As America lurches forward to this week’s inauguration of one Donald J. Trump to be the Forty-Fifth President, the country finds itself at a crossroads. For some, the ascension of Trump is a repudiation of the so-called “mainstream,” a fresh start. But for the majority of voters, this wasn’t supposed to happen. How could a personified meme triumph over someone who had spent years in public service and had all the experience in the world to take over the job of commander-in-chief? In the purgatory between the last days of Obama and the age of Trump, there’s been agitation on both sides of how to react. Even then, there are degrees of what emotions to feel: exasperation, perhaps? maybe resignation? Or… how about resistance?!
For the editors and publisher of RESIST!, a sprawling collection of grassroots cartoons and comix from artists all over the world, this latter emotion was (obviously) the only way to respond. RESIST! is the brainchild of Gabe Fowler who, as the owner of Desert Island Books in Brooklyn, is also the publisher of Smoke Signal, an independent quarterly anthology of comics, in collaboration with Françoise Mouly and Nadja Spiegelman. From the moment the first open call was announced in late November, thousands of artists submitted pieces to the magazine. Now, after weeks of hard work, planning, editing, and cultivating, the final product is ready to launch just in time for this Friday’s inauguration festivities. The COMICS BEAT sat down with Fowler, Spiegelman, and Mouly to discuss the genesis and logistics of the RESIST! project, the meaning of political art, and what’s next for cartoonists in the era of President Trump.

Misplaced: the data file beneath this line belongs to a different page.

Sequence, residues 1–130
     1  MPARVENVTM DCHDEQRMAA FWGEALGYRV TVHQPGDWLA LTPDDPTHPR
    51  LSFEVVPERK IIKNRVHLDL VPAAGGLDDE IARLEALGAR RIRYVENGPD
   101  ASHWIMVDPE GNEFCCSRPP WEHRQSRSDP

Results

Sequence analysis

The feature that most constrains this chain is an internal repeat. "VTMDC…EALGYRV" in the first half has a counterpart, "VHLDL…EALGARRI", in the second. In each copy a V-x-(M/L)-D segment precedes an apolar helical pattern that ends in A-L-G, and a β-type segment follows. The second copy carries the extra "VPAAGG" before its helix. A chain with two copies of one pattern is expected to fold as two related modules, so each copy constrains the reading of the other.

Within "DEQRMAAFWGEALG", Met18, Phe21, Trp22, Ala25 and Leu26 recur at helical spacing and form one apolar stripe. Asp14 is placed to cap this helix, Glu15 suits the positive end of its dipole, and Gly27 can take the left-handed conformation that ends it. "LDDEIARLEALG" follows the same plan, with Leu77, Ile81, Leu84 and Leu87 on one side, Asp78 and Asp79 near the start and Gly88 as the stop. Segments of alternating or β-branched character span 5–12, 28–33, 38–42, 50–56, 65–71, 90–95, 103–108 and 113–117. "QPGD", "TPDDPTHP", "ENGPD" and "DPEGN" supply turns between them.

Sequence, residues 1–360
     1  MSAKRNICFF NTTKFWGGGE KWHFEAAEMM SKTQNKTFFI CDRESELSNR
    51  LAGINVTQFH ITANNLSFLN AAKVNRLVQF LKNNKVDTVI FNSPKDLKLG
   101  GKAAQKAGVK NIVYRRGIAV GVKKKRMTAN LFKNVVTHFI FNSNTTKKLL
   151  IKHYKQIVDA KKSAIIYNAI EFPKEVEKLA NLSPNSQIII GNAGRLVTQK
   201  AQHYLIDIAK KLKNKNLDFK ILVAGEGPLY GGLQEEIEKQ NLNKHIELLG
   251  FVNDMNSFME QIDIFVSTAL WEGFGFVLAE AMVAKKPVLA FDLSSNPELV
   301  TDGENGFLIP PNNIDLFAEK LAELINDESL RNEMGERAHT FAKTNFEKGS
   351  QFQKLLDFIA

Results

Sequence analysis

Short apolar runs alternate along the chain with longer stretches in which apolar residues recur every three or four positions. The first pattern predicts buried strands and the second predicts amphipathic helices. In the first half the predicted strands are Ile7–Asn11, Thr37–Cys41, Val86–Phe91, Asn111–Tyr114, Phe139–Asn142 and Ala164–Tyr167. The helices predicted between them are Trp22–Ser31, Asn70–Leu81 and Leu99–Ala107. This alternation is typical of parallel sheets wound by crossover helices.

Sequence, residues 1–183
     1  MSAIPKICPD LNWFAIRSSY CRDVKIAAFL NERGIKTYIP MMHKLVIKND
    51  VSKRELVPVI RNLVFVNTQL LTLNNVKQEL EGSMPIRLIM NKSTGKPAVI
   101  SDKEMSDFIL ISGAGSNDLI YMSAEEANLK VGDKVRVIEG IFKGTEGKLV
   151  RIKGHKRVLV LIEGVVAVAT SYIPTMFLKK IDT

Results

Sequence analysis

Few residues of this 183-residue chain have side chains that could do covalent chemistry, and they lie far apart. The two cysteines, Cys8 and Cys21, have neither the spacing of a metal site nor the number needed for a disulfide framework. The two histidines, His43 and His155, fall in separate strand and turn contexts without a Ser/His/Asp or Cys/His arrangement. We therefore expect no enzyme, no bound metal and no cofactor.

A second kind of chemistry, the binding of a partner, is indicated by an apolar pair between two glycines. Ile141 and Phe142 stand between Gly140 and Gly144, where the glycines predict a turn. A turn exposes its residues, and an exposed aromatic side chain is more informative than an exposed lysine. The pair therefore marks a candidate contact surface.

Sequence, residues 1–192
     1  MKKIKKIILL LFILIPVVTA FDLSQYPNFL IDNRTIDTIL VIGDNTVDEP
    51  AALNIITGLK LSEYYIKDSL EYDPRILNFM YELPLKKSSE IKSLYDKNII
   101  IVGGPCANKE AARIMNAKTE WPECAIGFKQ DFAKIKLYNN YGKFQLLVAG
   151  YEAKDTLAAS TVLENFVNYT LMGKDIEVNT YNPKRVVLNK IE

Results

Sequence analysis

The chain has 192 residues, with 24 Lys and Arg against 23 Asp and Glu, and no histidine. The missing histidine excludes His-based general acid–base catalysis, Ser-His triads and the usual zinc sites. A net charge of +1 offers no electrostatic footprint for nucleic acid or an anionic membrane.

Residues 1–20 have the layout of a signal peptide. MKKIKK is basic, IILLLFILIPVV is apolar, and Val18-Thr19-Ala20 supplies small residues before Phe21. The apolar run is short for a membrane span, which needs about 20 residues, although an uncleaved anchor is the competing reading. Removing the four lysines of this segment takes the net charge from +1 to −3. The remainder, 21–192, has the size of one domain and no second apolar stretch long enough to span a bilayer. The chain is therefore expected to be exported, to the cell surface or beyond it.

AJ FROST: What were your first thoughts that November night when Donald Trump was elected as President of the United States? And how did you feel about it?
GABE FOLWER: Grim.
NADJA SPIEGELMAN: I was in Paris, so I stayed up as late as I could but went to bed at 2 or 3 in the morning. When I went to bed, it looked like Florida was going to be won by Hillary and things were going to be okay. So I went to bed hopeful. But then I woke up at 6 AM with my phone going off and saw text messages that just said ‘No! No! No!’ I really felt like I was waking up into a nightmare, or a parallel universe. I kept hoping that if I went back to sleep, I could somehow wake up to a world where this wasn’t the case. I ended up going to a café. Now, cafés in Paris are places where most people go to get their morning coffee and discuss the news, especially when some big event happens; it’s a place where people can congregate. I wanted that sense of community and, yet, I felt alienated because, for the Parisians reacting to this news, it was horrifying for some, amusing for some, but it wasn’t as visceral as it felt for me.
When I began speaking to my friends back in America, I also felt alienated because they were seeing it as an American problem, when for me it seemed so connected to this global movement towards the extreme right; whatever happens in America has a global affect. That was part of why, when my Mom and I began trying to figure out what specifically our call was, I wanted to not just resist Trump, but to resist it all: resist fascism, resist everything worldwide that is happening!
FRANÇOISE MOULY: For me, it had to do with seeing the very specifics because I work in media. I had to make plans for what I thought would be the result of the election.